Survey: FDA's improved, but still a long way to go

Although the FDA's rep has improved, the American public is still split on whether or not the agency is doing its job. That's according to a Harris Interactive and HealthDay News online poll.

According to respondents, the FDA's biggest improvement has been in managing prescription drug recalls and withdrawals: 53 percent of participants are confident the agency is doing a good job--versus the 39 percent approval rating the agency received in 2008. As for one of pharma's biggest gripes--getting new drugs to the market more quickly--54 percent believe the FDA needs to step it up, down from 60 percent last year. Likewise, drugmakers have grown frustrated over FDA delays. But the agency has shown improvement, approving 24 new drugs in 2008--more than the number of approvals in any of the prior three years.

When it comes to ensuring the safety of drugs manufactured outside of the U.S., 35 percent of respondents believe the agency is doing a better job than a year ago--an improvement over the 26 percent positive rating the agency received in 2008. In response to criticism over the FDA lack of oversight of foreign manufacturers, the underfunded and understaffed set out to fill 1,300 new vacancies last year and has opened a number of overseas offices over the past year, including several in China and India.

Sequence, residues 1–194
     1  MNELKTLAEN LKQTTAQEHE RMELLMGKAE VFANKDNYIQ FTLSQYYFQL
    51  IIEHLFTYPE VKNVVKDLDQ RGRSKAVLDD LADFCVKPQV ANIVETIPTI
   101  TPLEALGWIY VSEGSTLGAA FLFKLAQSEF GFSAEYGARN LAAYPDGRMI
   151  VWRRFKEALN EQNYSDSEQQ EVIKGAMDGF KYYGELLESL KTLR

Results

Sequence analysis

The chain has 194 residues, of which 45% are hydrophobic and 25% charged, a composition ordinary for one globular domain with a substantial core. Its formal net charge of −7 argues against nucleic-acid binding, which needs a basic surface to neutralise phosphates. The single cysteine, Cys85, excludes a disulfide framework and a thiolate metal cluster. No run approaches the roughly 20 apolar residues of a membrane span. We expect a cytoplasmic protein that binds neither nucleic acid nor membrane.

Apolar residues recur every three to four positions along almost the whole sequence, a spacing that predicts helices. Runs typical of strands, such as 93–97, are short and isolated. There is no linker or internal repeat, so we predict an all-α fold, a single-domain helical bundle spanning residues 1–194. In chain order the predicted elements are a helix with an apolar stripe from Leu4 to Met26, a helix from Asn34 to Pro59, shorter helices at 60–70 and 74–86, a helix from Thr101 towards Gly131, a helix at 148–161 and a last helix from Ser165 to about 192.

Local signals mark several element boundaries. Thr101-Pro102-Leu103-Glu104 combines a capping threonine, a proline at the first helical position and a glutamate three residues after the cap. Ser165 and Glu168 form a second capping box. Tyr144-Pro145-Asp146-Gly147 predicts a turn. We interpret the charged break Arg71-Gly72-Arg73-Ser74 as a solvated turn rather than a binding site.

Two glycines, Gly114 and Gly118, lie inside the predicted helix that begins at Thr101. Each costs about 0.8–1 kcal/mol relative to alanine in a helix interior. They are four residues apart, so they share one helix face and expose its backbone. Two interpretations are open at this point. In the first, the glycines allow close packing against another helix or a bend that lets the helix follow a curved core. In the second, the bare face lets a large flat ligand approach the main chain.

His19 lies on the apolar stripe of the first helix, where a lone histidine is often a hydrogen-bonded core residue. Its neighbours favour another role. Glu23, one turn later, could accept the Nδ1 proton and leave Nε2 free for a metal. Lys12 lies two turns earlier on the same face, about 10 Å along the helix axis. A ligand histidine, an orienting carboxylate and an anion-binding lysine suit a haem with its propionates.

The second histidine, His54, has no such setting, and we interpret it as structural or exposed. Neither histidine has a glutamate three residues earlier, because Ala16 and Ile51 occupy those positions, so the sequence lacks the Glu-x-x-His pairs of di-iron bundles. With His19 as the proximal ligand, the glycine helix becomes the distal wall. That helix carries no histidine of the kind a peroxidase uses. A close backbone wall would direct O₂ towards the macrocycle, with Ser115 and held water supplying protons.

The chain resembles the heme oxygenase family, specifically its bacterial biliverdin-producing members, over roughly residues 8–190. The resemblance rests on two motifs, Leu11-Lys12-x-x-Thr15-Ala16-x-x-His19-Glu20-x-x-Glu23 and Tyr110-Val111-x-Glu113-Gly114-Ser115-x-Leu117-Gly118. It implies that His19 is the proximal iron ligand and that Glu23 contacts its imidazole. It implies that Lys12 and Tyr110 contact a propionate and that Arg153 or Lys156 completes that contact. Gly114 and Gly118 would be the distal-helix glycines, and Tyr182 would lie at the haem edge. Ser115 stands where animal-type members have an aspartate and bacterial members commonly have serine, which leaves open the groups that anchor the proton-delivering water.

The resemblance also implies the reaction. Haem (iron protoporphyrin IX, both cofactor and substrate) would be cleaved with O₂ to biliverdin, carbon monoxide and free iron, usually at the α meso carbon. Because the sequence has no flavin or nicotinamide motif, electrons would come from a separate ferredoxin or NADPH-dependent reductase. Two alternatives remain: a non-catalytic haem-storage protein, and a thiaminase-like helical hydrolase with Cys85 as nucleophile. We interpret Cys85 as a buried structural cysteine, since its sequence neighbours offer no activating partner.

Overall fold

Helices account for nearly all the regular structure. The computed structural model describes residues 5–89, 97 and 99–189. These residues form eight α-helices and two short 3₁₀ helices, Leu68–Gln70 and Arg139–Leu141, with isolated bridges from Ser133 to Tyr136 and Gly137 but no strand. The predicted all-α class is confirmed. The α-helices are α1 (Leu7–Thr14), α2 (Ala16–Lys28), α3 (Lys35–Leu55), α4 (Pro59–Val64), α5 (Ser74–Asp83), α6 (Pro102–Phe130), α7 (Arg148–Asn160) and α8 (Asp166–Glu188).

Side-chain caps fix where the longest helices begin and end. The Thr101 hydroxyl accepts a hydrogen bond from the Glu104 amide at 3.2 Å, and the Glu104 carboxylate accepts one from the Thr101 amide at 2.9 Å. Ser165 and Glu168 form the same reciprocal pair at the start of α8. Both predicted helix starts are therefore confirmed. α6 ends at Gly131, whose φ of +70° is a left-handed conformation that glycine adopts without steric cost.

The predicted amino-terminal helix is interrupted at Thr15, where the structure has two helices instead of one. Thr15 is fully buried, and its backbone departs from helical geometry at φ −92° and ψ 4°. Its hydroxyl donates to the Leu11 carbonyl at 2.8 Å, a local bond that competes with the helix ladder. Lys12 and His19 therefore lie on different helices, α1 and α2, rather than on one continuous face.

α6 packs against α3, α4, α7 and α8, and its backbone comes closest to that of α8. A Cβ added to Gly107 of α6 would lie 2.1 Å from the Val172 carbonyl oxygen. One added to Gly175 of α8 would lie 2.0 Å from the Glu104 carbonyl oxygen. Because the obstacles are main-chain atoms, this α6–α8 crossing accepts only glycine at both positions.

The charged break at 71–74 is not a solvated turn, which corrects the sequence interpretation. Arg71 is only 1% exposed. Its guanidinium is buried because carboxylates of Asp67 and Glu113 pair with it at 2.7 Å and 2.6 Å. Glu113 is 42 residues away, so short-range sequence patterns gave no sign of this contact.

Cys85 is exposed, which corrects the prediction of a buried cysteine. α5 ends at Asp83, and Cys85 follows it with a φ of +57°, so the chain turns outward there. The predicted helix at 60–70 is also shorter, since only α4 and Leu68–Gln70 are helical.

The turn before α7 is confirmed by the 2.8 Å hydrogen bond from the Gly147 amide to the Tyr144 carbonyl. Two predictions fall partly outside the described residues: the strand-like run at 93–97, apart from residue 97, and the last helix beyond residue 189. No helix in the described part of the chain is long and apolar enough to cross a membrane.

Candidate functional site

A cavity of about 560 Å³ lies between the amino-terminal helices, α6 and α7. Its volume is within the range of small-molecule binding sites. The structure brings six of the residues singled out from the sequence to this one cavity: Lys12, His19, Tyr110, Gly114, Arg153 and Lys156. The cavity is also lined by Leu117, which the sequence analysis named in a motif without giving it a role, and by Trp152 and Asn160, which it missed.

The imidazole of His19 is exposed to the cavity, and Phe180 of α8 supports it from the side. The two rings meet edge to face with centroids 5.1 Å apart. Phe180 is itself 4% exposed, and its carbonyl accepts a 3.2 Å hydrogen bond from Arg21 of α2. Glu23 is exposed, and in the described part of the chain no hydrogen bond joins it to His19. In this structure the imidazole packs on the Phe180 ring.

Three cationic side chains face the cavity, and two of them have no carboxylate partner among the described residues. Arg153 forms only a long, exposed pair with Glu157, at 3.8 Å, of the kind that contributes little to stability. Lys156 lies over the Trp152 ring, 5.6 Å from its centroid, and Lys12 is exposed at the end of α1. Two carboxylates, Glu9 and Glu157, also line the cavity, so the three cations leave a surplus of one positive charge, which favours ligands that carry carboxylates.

As for whether the FDA was taking care of its top pharma priority--"ensuring the safety and efficacy of new prescription drugs"--opinions have bounced up and down over the past few years. In 2008, the FDA received its lowest rating in 5 years with the agency only managing to gain a 35 percent approval rating. This year, responses were evenly split 47 percent positive to 47 percent negative. Opinions regarding whether the agency effectively monitored the safety of drugs once they were on the market was also split 47 percent positive to 46 percent negative.

Add the public's lack of confidence to the mounting grumblings about the FDA: Agency insiders have complained that leaders aren't to be trusted, the Government Accountability Office has said the agency is a "high-risk" problem, pharma types believe the FDA is too politicized, and on and on. Kathleen Sebelius has her work cut out for her.

- here's the release
- and the results (.pdf)